In April 1989, when then-prime minister Margaret Thatcher was still in the full flush of her discovery of the threat of climate change, she hosted a seminar on global warming for the Cabinet at Downing Street. They all had to attend. The grumbling must have been memorable.
The seminar was addressed by her favourite scientist, Jim Lovelock, the man who conceived the Gaia theory of the Earth as a self-regulating organism.
I was doorstepping the meeting, as we say in journalism – waiting outside in Downing Street – and eventually Lovelock ambled out.
I went over to speak to him, followed by a posse of TV reporters, one of whom, an American, stuck a microphone in his face and demanded: "Professor Lovelock, waddle be the first signs of global warning?"
Lovelock uttered a single word. He said: "Surprises." The TV reporter was bemused. He said: "Waddya mean, surprises?" Lovelock said: "We had a hurricane here recently. It was a surprise. There'll be more. Good day."
I have grown ever more convinced of the wisdom of Lovelock's brusque response. And I am put in mind of it by the extraordinary weather events.
It is barely a month since a conference at the Met Office suggested that the unbroken succession of wet summers since 2007 meant there was a significant shift in weather patterns towards a damper, cooler summer climate.
But now, after the coldest spring on record, we suddenly have searing heat. This has certainly surprised me; but, then, the recent run of wet summers surprised me even more when it began in 2007.
That was such a shock, because everything in the previous year suggested that 2007 might be the hottest summer ever.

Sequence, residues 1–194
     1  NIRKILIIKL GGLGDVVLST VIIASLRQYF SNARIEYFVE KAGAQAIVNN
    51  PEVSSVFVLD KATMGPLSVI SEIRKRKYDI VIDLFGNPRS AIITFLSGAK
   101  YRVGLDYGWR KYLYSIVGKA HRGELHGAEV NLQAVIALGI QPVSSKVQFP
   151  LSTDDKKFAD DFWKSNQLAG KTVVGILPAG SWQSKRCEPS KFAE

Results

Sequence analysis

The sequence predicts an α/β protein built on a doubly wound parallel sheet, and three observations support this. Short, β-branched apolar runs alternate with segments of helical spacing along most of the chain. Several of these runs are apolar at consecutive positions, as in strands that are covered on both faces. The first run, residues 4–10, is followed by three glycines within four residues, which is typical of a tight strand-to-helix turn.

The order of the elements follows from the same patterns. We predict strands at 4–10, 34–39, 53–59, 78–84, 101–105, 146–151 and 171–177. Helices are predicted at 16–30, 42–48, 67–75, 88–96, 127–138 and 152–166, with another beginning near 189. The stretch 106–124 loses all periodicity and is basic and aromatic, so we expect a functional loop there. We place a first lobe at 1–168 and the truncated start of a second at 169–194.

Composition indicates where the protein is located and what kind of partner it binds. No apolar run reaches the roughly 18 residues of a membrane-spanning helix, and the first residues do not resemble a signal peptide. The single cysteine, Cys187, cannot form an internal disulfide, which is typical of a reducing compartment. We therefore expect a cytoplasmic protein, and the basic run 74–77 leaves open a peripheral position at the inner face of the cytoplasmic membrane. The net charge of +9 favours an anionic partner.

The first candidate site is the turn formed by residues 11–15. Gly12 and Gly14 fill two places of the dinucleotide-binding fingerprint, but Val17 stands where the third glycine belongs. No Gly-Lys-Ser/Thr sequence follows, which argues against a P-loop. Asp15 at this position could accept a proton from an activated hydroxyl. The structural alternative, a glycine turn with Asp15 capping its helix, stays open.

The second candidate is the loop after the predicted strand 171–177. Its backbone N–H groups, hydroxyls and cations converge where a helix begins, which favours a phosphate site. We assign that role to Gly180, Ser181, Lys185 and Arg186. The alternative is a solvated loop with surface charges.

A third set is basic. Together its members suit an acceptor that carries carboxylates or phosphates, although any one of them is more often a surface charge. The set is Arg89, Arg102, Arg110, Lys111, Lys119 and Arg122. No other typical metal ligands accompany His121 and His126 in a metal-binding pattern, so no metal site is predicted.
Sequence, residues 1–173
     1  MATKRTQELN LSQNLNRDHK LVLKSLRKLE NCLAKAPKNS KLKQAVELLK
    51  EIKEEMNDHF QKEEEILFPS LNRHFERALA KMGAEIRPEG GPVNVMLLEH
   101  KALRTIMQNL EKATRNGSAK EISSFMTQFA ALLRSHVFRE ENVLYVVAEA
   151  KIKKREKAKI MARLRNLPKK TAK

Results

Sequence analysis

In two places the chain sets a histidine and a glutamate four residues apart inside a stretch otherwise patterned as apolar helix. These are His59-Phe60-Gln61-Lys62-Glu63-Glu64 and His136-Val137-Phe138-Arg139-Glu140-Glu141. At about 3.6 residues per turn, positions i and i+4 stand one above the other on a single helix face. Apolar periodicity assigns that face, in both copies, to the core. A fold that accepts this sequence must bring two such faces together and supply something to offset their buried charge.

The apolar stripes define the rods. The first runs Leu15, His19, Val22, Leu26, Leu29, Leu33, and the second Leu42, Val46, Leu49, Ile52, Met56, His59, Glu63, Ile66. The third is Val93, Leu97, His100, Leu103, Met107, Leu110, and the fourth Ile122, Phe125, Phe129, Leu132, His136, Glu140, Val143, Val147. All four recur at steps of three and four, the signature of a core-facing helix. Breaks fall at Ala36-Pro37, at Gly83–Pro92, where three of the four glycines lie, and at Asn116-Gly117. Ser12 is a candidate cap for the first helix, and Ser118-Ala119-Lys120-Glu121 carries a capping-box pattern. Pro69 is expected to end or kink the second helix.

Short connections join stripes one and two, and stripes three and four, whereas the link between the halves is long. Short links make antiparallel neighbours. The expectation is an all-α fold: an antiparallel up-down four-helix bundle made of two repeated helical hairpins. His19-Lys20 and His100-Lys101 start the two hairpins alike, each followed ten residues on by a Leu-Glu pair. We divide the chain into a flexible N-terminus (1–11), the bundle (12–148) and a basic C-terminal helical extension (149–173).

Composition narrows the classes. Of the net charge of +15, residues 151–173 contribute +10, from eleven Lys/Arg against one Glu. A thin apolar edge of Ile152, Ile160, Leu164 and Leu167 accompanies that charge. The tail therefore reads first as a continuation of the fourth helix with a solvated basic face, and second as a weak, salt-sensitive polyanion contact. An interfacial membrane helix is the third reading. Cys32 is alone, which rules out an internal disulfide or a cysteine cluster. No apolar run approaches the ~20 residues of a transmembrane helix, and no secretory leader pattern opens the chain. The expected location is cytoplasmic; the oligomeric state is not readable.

Consider: the previous July was the hottest month ever recorded in Britain and July 19, 2006 was the hottest-ever July day.
Autumn 2006 was the warmest on record and the winter of 2006-7 was the second-warmest.
The 12 months from the end of April 2006 to the end of April 2007 constituted the single hottest 12-month period ever recorded.
I wrote a piece, as April ended, saying that we might expect a record hot summer of, maybe, 40C (104F). Then the heavens opened. I learned my lesson.
It's not that I now feel that global warming will not happen; nothing is more certain – unless the laws of physics are torn up. It's just that I feel it very probably won't happen as anyone has predicted.
The process is non-linear and there are too many intangibles; too many buffers in the ocean- atmosphere system.
It'll come as a surprise. But calling it is a mug's game.
Maybe the temperature record will be broken. Maybe it won't.
Maybe something else will happen with the climate, which is itself a surprise. But if there is a surprise, don't be surprised.
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